Tourism chiefs have been "selective" in choosing what images to use from the controversial drama 'Normal People' to promote Ireland.
The adaptation of the Sally Rooney novel has sparked a furor over the sex scenes, described by critics as “something you’d expect to see in a porno movie”.
The programme scandalised listeners of 'Liveline' last week with complaints about the prurient sexual content.
Tourism Ireland has been using scenery from ‘Normal People’ to promote Ireland as a holiday destination when the lockdown ends.
In an apparent reference to the more racy scenes, Tourism Minister Brendan Griffin said "not everything is suitable" in the TV drama for tourism promotion.
Mr Griffin said Tourism Ireland was still promoting the country to visitors during the lockdown.
"They are making the most of the time that is available there now, in terms of people looking at social media, people looking for, effectively, escapism, I suppose in situations where they are in self-isolation or they are in lockdown.
"So they have been very active online in terms of promoting Ireland and imagery from Ireland," he said.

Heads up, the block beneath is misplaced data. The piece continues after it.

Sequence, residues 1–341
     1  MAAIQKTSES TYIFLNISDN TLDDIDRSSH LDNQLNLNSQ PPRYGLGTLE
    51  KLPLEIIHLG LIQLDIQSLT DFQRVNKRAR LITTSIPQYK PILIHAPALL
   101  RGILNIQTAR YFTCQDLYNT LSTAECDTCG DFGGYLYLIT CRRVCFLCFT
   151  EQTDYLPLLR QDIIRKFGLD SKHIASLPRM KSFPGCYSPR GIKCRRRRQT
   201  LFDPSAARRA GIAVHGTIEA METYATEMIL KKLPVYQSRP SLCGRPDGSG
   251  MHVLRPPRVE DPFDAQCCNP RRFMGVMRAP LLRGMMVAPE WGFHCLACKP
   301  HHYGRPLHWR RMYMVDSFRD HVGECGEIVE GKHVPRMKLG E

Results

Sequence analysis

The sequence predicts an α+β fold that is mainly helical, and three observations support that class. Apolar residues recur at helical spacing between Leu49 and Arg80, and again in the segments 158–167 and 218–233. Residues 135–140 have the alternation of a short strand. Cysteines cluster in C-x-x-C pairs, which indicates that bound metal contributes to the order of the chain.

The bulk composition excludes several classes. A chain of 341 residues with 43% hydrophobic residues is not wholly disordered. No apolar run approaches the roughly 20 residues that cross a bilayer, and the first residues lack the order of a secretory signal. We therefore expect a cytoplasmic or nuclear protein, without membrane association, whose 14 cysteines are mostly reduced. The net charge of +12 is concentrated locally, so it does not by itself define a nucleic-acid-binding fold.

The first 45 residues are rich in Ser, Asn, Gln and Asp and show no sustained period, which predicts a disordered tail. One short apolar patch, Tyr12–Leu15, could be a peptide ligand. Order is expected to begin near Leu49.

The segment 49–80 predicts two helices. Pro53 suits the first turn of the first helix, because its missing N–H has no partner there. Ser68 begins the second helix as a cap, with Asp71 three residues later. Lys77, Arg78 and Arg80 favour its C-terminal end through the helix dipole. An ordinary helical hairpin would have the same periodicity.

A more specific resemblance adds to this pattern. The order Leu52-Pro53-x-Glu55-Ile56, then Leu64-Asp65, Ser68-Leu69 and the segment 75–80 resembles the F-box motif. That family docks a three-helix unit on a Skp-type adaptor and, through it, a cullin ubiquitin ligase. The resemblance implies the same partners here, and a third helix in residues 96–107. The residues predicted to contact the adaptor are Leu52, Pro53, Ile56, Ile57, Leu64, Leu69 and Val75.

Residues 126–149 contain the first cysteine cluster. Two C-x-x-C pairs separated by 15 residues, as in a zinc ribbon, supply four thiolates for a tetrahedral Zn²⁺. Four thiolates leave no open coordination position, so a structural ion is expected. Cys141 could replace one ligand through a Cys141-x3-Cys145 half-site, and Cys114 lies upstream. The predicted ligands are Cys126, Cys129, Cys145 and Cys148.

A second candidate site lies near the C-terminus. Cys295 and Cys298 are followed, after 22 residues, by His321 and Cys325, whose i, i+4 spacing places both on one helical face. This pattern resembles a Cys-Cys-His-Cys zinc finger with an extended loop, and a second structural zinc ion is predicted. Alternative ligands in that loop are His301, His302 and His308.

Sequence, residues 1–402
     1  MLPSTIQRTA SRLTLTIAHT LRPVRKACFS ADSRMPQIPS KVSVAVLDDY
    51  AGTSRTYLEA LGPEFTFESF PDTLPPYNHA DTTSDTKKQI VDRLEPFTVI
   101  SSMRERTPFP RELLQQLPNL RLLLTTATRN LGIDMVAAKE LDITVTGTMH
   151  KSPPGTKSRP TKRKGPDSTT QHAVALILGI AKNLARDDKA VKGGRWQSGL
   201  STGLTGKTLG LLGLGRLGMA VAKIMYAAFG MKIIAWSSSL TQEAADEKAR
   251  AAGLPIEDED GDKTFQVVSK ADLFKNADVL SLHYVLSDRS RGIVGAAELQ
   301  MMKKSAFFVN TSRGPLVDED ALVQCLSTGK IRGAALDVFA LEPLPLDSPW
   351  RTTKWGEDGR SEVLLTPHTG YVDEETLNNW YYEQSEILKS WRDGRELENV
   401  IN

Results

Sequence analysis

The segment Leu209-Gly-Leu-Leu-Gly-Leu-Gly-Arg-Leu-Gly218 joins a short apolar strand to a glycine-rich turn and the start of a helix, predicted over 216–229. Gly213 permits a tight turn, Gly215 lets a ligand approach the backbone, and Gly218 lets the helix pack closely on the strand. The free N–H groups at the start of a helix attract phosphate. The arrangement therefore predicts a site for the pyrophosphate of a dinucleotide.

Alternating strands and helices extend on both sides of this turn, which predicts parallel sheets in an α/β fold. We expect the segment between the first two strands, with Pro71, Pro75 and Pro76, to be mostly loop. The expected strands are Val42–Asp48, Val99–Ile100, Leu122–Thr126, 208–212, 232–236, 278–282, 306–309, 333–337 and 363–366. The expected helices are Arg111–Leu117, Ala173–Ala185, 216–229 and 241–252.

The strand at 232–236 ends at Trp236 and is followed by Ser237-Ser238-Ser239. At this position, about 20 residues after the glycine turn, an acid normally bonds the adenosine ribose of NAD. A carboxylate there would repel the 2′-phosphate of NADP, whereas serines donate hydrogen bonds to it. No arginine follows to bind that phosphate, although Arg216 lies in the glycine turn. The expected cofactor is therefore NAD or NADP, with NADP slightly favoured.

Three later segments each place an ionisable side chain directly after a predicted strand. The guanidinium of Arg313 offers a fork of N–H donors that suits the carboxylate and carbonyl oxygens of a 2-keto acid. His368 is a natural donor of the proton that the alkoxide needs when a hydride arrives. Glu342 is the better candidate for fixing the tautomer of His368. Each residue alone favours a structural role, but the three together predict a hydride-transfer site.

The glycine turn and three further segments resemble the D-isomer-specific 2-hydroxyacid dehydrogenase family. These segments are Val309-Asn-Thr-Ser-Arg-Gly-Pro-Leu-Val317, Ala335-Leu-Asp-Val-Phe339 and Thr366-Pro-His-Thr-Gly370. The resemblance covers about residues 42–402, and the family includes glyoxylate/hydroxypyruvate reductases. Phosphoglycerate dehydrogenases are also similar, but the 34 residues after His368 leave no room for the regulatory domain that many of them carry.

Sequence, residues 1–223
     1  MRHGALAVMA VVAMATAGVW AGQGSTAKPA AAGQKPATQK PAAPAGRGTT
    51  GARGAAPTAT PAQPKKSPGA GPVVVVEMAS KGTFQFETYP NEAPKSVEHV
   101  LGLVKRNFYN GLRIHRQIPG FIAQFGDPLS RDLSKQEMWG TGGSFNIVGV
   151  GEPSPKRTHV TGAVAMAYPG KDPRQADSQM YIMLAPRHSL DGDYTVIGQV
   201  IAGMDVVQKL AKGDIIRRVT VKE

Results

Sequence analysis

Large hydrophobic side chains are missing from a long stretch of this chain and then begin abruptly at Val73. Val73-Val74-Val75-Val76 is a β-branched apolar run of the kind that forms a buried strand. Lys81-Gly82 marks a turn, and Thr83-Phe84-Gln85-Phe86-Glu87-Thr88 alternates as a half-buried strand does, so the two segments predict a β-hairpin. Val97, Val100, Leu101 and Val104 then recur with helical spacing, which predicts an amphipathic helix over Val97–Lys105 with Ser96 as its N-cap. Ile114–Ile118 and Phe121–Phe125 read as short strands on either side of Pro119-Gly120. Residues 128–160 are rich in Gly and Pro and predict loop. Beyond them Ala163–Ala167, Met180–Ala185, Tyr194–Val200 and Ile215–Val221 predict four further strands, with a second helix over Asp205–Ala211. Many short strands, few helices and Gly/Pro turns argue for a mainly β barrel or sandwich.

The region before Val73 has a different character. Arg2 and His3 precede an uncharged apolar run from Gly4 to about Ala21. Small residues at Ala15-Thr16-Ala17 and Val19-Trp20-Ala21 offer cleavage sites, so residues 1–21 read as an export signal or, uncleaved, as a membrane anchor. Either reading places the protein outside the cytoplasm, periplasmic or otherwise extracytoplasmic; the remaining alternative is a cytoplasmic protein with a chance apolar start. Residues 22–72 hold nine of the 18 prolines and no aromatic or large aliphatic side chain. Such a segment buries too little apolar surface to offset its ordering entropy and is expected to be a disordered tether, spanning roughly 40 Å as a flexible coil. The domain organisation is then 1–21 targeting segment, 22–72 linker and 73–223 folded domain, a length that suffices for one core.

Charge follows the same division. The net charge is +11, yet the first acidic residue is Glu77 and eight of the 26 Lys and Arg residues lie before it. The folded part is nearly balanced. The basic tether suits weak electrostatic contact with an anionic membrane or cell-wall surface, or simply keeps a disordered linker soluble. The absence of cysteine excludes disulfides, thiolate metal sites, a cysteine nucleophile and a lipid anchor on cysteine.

Mr Griffin said some parts of 'Normal People', filmed in Sligo, were being used for tourism promotion.
"And actually some of that imagery included Sligo very recently from some of the cinematography from 'Normal People' actually, which was filmed partly in Sligo as well.
"So they have to be selective with the cinematography. Not everything is suitable for worldwide distribution from a tourism perspective," he said with a grin in the Dáil.
"But Sligo looks fantastic on screen always."
Mr Griffin's successor, Transport Minister Shane Ross, has discussed his personal connection to the programme.
The intense on-screen romance between lead characters Marianne and Connell starts with a kiss in the childhood home of Mr Ross.
Mr Ross, who lost his seat in Dublin-Rathdown earlier this year, joked that his parents would be "absolutely horrified" with all the "shenanigans and antics" in the series, which is famed for its intense and frequent sex scenes.
Knockmore House in Enniskerry, which dates back to 1850, was chosen to be the set of Marianne's family home in the 12-part TV adaption of Sally Rooney's successful novel.
Marianne, who is played by British actress Daisy Edgar-Jones, comes from a rich family.
She falls in love with Paul Mescal's character Connell, whose mother works as a cleaner in Marianne's house.
Knockmore House, which was owned by Mr Ross's late parents, is the backdrop for the blossoming romance which starts with a kiss in one of the manor's grand front rooms in episode one.
"I think it's great myself," Mr Ross told the Irish Independent.
"I think my parents would be absolutely mortified by what's going on in their house, which was a haven of morality."